New all-out war in Gaza looms as Israel, militants swap air and rocket strikes

New all-out war in Gaza looms as Israel, militants swap air and rocket strikes
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Mourners carry the body of Palestinian girl Alaa Qadoum during her funeral in Gaza City on August 5, 2022. (REUTERS/Ashraf Amra)
New all-out war in Gaza looms as Israel, militants swap air and rocket strikes
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Streaks of light are seen as Israel's Iron Dome anti-missile system intercept rockets launched from the Gaza Strip, as seen from Ashkelon, Israel, on Aug. 5, 2022. (REUTERS/Amir Cohen)
A Palestinian firefighter fights the blaze amid the destruction following an Israeli air strike on Gaza City, on Aug. 5, 2022. (AFP)
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A Palestinian firefighter fights the blaze amid the destruction following an Israeli air strike on Gaza City, on Aug. 5, 2022. (AFP)
New all-out war in Gaza looms as Israel, militants swap air and rocket strikes
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Smoke and fire rise above Gaza City during an Israeli air strike, on Aug. 5, 2022. (Anas Baba / AFP)
New all-out war in Gaza looms as Israel, militants swap air and rocket strikes
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Smoke and flame are seen during Israeli air strikes in Gaza City on August 5, 2022. (REUTERS/Ibraheem Abu Mustafa)
New all-out war in Gaza looms as Israel, militants swap air and rocket strikes
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Trails of smoke from rockets fired by Palestinian militants into Israel are pictured in Gaza on August 5, 2022. (REUTERS/Ibraheem Abu Mustafa)
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Updated 06 August 2022

New all-out war in Gaza looms as Israel, militants swap air and rocket strikes

New all-out war in Gaza looms as Israel, militants swap air and rocket strikes
  • At least 10 people, including a 5-year-old girl, were killed in wave of Israeli airstrikes, say Palestinian officials
  • Islamic Jihad said Taiseer Al-Jabari, its commander for northern Gaza, was among the dead

GAZA CITY: Israel unleashed a wave of airstrikes Friday on Gaza, killing at least 10 people, including a senior militant, according to Palestinian officials. Israel said it targeted the Islamic Jihad militant group in response to an “imminent threat” following the recent arrest of another senior militant.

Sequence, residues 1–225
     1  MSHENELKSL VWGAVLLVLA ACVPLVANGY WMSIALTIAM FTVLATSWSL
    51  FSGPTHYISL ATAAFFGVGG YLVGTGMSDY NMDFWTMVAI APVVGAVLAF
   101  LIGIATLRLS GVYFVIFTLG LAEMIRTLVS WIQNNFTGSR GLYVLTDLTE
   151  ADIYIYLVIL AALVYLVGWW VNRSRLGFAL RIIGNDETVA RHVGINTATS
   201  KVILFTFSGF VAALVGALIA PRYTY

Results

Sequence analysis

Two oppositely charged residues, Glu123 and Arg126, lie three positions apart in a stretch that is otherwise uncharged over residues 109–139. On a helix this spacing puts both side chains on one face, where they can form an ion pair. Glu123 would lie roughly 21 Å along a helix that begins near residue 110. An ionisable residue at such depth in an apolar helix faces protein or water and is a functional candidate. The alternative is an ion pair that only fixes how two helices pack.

Hours later, Palestinian militants launched a barrage of rockets as air-raid sirens wailed in Israel and the two sides drew closer to another all-out war. Islamic Jihad claimed to have fired 100 rockets.
Israel and Gaza’s militant Hamas rulers have fought four wars and several smaller battles over the last 15 years at a staggering cost to the territory’s 2 million Palestinian residents.
A blast was heard in Gaza City, where smoke poured out of the seventh floor of a tall building. Video released by Israel’s military showed the strikes blowing up three guard towers with suspected militants in them.

In a nationally televised speech, Israeli Prime Minister Yair Lapid said his country launched the attacks based on “concrete threats.”
“This government has a zero-tolerance policy for any attempted attacks — of any kind — from Gaza toward Israeli territory,” Lapid said. “Israel will not sit idly by when there are those who are trying to harm its civilians.”
He added that “Israel isn’t interested in a broader conflict in Gaza but will not shy away from one either.”
The violence poses an early test for Lapid, who assumed the role of caretaker prime minister ahead of elections in November, when he hopes to keep the position. He has experience in diplomacy, having served as foreign minister in the outgoing government, but his security credentials are thin.
Hamas also faces a dilemma in deciding whether to join a new battle barely a year after the last war caused widespread devastation. There has been almost no reconstruction since then, and the isolated coastal territory is mired in poverty, with unemployment hovering around 50 percent.
The Palestinian Health Ministry said a 5-year-old girl and a 23-year-old woman were among those killed in Gaza, without differentiating between civilian and militant casualties. The Israeli military said early estimates were that around 15 fighters were killed. Dozens of people were wounded.




Palestinian mourners carry the body of Islamic Jihad commander Tayseer al-Jabari, killed in an Israeli air strike, during his funeral in Gaza City on Aug. 5, 2022. (Mahmud Hams / AFP)

Islamic Jihad said Taiseer Al-Jabari, its commander for northern Gaza, was among the dead. He had succeeded another militant killed in an airstrike in 2019.
An Israeli military spokesman said the strikes were in response to an “imminent threat” from two militant squads armed with anti-tank missiles. The spokesman, who briefed reporters on condition of anonymity, said Al-Jabari was deliberately targeted and had been responsible for “multiple attacks” on Israel.
Hundreds marched in a funeral procession for him and others who were killed, with many mourners waving Palestinian and Islamic Jihad flags and calling for revenge.
Israeli media showed the skies above southern and central Israel lighting up with rockets and interceptors from Israel’s Iron Dome missile-defense system. An explosion was heard in Tel Aviv.
It wasn’t immediately clear how many rockets were launched, and there was no immediate word on any casualties on the Israeli side.
Israel continued to strike other targets Friday, including weapon-production facilities and Islamic Jihad positions.




Image grabs obtained from a video reportedly shows an Islamic Jihad observation post being targeted by the Israeli army in the Gaza strip on August 5, 2022. (AFP / IDF video)

The UN special envoy to the region, Tor Wennesland, said he was “deeply concerned.”
“The launching of rockets must cease immediately, and I call on all sides to avoid further escalation,” he said.
Following the initial Israeli strikes, a few hundred people gathered outside the morgue at Gaza City’s main Shifa hospital. Some went in to identify loved ones and emerged later in tears.